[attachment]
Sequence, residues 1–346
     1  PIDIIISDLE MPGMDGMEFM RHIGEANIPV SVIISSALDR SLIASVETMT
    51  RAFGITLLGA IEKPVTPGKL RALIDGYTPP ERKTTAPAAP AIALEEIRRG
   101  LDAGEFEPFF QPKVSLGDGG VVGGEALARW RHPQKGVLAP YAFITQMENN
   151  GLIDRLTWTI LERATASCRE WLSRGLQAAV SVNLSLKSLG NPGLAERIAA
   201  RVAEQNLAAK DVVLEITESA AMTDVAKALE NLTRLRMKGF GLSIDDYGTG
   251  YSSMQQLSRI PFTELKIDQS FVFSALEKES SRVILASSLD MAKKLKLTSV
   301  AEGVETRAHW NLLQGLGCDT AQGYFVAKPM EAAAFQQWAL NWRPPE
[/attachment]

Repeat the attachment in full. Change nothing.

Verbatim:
Sequence, residues 1–346
     1  PIDIIISDLE MPGMDGMEFM RHIGEANIPV SVIISSALDR SLIASVETMT
    51  RAFGITLLGA IEKPVTPGKL RALIDGYTPP ERKTTAPAAP AIALEEIRRG
   101  LDAGEFEPFF QPKVSLGDGG VVGGEALARW RHPQKGVLAP YAFITQMENN
   151  GLIDRLTWTI LERATASCRE WLSRGLQAAV SVNLSLKSLG NPGLAERIAA
   201  RVAEQNLAAK DVVLEITESA AMTDVAKALE NLTRLRMKGF GLSIDDYGTG
   251  YSSMQQLSRI PFTELKIDQS FVFSALEKES SRVILASSLD MAKKLKLTSV
   301  AEGVETRAHW NLLQGLGCDT AQGYFVAKPM EAAAFQQWAL NWRPPE